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March 10, 2014
Faith and Science
A House of Order, Part One
by Ami Chopine

Math has always been one of my favorite subjects. It's orderly. And, well, when one understands the language (and I only know the tourist basics), it's poetry.

It has within it the ability to precisely describe our world. Matter and energy can be quantified. Objects have locations in relation to each other. We can measure the passage of time, at least within our sphere of existence.

The order revealed in the world by math existed before we could calculate or understand it. The earth orbited the sun regardless of the mistaken beliefs by some ancient astronomers. Neptune was discovered because the mathematics describing the orbits of the known planets said a planet must be there, and predicted where it would be.

Things are as they are, regardless of whether or not we know them. That makes perfect sense, doesn't it?

Apparently, not to everyone.

There is a tendency in academia to frame everything in terms of human experience, especially for those studying the less easily quantified social fields. Some of this is good methodology. Since cultures can be so dissimilar, to really understand another culture we need to know its frame of reference.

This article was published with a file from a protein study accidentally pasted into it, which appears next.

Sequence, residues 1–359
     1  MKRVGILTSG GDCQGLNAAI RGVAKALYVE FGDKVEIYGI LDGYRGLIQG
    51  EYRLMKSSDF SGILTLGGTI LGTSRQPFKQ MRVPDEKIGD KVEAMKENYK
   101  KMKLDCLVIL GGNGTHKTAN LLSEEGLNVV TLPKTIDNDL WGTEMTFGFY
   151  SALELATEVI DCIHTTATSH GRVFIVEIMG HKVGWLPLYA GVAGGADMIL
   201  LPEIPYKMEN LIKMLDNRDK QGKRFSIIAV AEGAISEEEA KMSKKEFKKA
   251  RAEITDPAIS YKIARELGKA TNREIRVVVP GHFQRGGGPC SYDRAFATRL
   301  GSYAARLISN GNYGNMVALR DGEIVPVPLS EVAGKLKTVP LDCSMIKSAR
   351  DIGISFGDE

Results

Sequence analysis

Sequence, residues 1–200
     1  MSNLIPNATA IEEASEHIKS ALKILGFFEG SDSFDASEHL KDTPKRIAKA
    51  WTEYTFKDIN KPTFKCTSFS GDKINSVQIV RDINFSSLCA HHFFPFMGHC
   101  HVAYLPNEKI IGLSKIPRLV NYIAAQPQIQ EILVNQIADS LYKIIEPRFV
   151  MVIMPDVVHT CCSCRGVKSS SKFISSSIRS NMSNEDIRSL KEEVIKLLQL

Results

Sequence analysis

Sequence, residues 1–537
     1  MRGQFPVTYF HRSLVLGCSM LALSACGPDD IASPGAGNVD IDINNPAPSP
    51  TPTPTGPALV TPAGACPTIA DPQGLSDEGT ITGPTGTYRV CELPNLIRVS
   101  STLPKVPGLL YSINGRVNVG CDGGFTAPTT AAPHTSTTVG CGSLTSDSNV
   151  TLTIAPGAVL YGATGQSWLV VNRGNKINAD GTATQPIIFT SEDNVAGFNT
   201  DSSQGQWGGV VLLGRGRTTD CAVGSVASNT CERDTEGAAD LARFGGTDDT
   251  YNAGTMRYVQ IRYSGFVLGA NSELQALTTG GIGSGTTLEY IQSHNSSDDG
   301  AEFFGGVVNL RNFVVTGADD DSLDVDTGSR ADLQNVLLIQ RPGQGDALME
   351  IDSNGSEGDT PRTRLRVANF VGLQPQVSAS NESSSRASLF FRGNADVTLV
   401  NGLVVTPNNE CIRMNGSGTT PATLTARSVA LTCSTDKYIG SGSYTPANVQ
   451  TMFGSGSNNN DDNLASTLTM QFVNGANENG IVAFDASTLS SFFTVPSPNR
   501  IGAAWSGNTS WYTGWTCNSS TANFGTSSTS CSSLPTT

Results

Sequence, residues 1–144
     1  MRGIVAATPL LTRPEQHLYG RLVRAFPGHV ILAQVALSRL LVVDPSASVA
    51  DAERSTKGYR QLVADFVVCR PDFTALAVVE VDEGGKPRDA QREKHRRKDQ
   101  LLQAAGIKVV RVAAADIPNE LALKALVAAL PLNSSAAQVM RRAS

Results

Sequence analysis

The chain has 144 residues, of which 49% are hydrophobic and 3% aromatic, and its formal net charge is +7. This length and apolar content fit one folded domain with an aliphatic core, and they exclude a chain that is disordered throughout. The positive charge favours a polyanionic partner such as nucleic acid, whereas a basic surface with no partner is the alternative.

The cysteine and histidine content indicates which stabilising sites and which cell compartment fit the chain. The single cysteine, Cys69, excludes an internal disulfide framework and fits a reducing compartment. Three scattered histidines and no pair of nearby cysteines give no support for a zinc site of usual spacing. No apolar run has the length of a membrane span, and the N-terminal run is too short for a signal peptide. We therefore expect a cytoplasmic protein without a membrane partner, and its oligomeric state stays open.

What is "common sense" to people? What are the things that everyone knows? To do this, researchers try to put their own cultural biases on the shelf.

In Japan, for instance, child rearing is quite different. Japanese children generally don't get to make choices in their clothing, their food, or the way they spend their free time. In some places they aren't expected to do any housework, but they do have to study hard.

It would be easy to disapprove of this, especially in our highly individualistic culture. Our common sense says the Japanese are holding their children back by not letting them express themselves.

But this isn't the whole story. Their parents love their children. They want them to grow and have new experiences. Their children just don't get to choose what those experiences are. The Japanese ideas of childhood and our ideas are quite different, but both cultures manage to grow young humans into adults that function well in society.

Methodological relativism can be a useful tool. There are many ways in which our cultures can differ that are not a matter of righteous behavior, and setting aside these differences in light of the gospel and its central principles can help us to love each other as Christ loves each of us.

The gospel is true, no matter what the culture, and it's interesting to see how these truths get expressed in other cultures.

But some take relativism further than cultural differences and imagine that there is no universal right or wrong, only what is right and wrong in that culture, or in that individual's eyes, and you get moral relativism. And some go even further, slipping into a philosophical relativism in where the truth itself is determined by our beliefs.

Follow that logic, and Neptune apparently came into being when a couple of mathematicians did the calculations and came to the belief that it was there.